Volunteers are needed to help reforest Calgary after a freak snowstorm last September damaged thousands of public trees, the city says. 

"We don't have an exact count yet but we estimate around 50 per cent of the trees were damaged," said city parks manager Nico Bernard.

September snowstorm 2

26 million kilograms of tree debris went to landfill after the September 2014 snowstorm. (Danielle Nerman/CBC)

That adds up to about 250,000 public trees, with non-native deciduous elm and ash bearing the brunt of "snowtember."

For a $30 fee, homeowners in 25 Calgary communities can receive a tree to plant on the city-owned portion of their property: either the boulevard — the space between the sidewalk and road, or the back-of-walk area — the space between the sidewalk and the property line.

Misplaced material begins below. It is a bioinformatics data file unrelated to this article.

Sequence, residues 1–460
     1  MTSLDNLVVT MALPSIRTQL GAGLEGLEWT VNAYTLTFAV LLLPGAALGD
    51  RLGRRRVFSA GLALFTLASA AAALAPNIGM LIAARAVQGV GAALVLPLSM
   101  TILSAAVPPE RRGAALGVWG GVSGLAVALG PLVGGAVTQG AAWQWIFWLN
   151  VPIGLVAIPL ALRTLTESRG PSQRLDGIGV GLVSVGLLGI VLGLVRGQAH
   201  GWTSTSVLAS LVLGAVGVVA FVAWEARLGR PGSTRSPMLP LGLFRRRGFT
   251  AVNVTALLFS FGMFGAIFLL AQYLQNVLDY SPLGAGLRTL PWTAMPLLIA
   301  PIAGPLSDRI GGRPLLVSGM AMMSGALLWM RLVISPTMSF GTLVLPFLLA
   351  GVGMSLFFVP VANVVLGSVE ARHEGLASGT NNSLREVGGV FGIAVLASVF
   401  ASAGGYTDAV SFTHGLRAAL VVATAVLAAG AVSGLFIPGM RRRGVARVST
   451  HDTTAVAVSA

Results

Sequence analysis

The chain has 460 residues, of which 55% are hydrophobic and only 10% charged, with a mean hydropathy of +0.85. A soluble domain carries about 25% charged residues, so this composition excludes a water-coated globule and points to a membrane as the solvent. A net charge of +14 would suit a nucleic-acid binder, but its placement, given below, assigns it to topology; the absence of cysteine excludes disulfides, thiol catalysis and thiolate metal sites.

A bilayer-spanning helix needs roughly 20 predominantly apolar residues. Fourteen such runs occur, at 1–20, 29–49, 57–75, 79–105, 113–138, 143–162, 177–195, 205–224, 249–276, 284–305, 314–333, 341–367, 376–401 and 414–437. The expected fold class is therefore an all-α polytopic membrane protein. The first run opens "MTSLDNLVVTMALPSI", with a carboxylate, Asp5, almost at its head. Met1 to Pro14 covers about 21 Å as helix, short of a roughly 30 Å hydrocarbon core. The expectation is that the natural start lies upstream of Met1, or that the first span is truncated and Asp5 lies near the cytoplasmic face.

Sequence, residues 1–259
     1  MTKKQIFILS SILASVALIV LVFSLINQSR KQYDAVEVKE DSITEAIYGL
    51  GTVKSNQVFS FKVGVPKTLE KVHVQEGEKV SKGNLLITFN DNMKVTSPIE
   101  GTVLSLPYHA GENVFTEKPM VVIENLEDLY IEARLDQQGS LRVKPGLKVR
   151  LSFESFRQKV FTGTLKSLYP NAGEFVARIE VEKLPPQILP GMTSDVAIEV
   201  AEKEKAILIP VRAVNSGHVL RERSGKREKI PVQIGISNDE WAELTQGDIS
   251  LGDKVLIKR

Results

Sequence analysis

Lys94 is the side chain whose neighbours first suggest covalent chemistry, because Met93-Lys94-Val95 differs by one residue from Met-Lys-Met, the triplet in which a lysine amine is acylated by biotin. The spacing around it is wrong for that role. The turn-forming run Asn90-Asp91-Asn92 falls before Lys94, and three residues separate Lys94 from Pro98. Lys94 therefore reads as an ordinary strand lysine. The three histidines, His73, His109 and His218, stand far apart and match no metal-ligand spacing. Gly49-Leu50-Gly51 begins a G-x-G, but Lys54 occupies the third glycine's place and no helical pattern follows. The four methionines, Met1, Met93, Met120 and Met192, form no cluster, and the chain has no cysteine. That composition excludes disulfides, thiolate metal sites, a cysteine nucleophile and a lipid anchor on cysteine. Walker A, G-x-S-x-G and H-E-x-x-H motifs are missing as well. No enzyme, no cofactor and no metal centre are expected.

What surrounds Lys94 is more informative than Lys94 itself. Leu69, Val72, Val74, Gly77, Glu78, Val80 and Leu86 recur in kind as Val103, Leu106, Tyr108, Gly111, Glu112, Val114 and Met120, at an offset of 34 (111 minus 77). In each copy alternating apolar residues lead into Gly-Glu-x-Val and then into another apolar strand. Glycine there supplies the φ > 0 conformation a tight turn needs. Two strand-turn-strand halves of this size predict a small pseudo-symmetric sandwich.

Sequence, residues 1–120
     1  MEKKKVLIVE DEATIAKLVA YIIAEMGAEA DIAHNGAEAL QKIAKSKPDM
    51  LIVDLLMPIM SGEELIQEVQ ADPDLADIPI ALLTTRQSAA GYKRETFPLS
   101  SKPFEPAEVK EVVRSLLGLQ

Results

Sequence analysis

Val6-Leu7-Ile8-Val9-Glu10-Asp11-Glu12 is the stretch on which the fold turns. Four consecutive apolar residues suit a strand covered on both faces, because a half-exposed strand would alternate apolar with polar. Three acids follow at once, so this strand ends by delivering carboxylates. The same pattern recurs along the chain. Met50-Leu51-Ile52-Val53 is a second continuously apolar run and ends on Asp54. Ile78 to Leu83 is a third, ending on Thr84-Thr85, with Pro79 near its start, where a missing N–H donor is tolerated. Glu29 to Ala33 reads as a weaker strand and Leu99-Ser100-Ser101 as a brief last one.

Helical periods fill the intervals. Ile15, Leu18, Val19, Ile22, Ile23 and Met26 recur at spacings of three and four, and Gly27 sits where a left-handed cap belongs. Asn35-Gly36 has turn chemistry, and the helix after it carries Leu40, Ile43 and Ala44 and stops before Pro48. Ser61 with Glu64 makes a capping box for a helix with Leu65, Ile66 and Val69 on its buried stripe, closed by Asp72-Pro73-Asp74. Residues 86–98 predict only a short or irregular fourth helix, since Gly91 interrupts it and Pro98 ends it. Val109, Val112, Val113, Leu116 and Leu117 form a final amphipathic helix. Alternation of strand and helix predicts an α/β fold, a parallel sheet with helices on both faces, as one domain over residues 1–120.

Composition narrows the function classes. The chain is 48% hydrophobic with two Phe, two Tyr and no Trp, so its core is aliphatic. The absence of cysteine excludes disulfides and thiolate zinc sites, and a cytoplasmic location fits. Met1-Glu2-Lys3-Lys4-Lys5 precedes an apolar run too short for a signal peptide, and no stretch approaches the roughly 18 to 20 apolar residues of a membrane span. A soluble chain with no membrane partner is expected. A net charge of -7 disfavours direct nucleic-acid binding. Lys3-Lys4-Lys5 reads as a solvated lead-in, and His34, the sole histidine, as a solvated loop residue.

"If people put something into it, they feel more attached to the tree and will make sure it survives," said Bernard.

Homeowners are expected to water the trees, but the city will prune and maintain them.

Calgarians who don't live in a designated NeighbourWoods community can still participate in the Planting Incentive Program, where the city will match 50 per cent of the cost of a new tree. 

As many as 9,000 new public trees could be planted this year, 46 per cent more than 2014.